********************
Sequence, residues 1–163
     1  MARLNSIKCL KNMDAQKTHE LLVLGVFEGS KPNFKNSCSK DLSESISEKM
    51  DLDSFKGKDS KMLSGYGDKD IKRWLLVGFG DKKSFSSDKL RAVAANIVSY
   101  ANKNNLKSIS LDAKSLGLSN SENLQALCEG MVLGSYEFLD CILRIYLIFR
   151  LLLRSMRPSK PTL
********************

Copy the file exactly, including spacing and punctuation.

Sequence, residues 1–163
     1  MARLNSIKCL KNMDAQKTHE LLVLGVFEGS KPNFKNSCSK DLSESISEKM
    51  DLDSFKGKDS KMLSGYGDKD IKRWLLVGFG DKKSFSSDKL RAVAANIVSY
   101  ANKNNLKSIS LDAKSLGLSN SENLQALCEG MVLGSYEFLD CILRIYLIFR
   151  LLLRSMRPSK PTL